Mitsubishi Australian Line Decried by own CEO

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Mitsubishi Australian Line Decried by own CEO
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You know there’s trouble in paradise when the newly-appointed Australian CEO of Mistubishi calls his company’s products overpriced and wonders why anyone buys them.

Believe it or not, that’s exactly what just happened.

“I don’t know why people buy a Mitsubishi. That is a simple question, difficult answer that I have to think about for the next three or four months. What is the benefit? Why do we have to be here? What is the future? I have to find out,” said Mutsuhiro Oshikiri, Mitsubishi’s Australian CEO of only 10 weeks. “The product is old … and the prices are too high.”

Oshikiri’s remarks are directed at the company’s Australian branch, but the brand’s woes aren’t limited to that part of the world. Its sales report from last month was abysmal with a reported 47.4 percent drop over July, 2011.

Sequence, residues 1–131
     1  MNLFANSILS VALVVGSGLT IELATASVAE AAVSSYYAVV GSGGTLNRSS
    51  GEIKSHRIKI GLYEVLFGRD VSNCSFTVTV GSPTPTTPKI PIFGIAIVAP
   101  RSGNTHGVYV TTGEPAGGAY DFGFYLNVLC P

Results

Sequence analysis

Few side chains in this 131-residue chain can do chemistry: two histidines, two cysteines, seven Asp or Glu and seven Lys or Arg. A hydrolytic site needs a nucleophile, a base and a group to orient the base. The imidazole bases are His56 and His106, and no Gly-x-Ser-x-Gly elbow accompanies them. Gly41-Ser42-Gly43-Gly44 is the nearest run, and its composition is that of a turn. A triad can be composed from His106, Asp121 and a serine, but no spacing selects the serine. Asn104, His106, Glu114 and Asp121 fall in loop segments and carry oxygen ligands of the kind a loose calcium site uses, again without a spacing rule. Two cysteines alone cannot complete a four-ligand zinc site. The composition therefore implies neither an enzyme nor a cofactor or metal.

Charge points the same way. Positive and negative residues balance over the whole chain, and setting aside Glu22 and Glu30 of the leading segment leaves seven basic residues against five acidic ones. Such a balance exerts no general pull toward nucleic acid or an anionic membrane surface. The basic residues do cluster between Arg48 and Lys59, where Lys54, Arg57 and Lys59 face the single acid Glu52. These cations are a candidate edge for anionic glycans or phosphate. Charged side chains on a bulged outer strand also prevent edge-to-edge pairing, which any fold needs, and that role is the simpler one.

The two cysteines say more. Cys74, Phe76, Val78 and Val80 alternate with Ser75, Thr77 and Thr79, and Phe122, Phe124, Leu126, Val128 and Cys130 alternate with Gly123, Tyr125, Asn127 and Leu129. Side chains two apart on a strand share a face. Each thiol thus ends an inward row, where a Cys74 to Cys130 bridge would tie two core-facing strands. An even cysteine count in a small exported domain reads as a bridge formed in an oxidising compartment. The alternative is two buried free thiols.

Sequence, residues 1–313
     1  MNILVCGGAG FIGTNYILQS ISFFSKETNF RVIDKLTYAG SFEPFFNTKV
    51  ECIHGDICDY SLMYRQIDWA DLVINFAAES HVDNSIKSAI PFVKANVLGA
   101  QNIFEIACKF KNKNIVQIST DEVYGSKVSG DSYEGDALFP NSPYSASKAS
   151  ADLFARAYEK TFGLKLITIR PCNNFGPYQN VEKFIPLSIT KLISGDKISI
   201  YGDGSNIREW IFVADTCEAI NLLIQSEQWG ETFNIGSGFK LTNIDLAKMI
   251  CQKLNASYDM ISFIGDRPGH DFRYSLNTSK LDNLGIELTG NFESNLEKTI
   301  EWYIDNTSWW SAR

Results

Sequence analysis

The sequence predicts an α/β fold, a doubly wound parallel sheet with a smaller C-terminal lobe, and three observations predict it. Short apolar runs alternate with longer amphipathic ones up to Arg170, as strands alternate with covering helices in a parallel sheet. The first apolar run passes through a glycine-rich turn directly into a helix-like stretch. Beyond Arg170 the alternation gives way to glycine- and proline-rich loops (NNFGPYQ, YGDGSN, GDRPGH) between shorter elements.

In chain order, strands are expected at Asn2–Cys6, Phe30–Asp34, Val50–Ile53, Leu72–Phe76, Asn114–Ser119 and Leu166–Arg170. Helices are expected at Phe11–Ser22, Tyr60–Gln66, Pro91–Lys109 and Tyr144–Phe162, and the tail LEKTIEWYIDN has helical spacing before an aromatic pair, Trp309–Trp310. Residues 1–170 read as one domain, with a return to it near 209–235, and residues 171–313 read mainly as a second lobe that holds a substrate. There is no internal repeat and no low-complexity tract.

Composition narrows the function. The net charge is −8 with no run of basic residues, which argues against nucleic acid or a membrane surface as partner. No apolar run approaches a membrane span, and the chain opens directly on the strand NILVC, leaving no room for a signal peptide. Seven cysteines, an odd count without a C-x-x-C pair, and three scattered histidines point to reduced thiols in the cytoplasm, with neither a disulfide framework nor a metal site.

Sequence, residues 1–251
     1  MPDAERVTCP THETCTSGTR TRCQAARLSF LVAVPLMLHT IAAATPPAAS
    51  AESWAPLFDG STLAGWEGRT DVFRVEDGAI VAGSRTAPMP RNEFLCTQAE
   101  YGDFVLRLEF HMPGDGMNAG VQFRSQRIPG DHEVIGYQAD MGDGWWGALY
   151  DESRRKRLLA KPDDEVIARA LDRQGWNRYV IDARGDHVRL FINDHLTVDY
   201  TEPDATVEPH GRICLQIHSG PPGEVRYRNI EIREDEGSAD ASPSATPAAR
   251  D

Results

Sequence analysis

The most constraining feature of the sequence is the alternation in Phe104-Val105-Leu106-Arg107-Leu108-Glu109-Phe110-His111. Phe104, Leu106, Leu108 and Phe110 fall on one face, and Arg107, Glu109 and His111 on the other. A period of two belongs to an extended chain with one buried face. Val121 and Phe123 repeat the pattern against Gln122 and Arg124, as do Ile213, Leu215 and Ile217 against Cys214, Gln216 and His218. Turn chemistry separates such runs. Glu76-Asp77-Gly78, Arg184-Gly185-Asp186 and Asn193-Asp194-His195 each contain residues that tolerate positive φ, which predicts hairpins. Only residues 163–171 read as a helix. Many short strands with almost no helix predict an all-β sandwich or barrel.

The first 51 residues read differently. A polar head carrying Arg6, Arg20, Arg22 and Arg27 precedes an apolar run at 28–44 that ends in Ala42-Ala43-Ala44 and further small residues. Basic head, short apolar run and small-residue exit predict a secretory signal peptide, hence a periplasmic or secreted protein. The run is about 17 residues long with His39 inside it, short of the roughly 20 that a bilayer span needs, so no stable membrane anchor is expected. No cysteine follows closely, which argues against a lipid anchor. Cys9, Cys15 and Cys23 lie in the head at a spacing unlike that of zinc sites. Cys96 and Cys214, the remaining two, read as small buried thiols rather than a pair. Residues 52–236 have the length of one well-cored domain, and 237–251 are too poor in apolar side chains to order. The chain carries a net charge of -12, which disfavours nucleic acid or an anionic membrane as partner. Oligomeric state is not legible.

“In most cases, we have a similar complaint [about a particular car] and we feel shame, because if everybody says different [problems with the car] it’s OK, but if everybody says the same thing, we are idiots – we didn’t do the proper thing,” he said of the Australian line.

Despite offering a different range of products, it’s hard to feel any differently about the brand’s North American effort, where most of its cars both look and feel outdated and cheap.

Next month, the automaker is slated to debut its Outlander plug-in hybrid during the Paris Auto Show. With cars like the Ford C-Max offering an impressive 570-mile driving range, the Outlander hybrid could stand to woo consumers back to the brand. It can’t quite stack up to the C-Max, but with the company’s quoted 500-mile range would certainly put it at the top of the pack compared to other SUVs.

[Source: Sydney Morning Herald]

  • http://www.buenosairesdeluxe.com/ Asa Bolden

    What is the benefit? Why do we have to be here? What is the future? I
    have to find out,” said Mutsuhiro Oshikiri, Mitsubishi’s Australian CEO
    of only 10 weeks. ”The product is old … and the prices are too high.”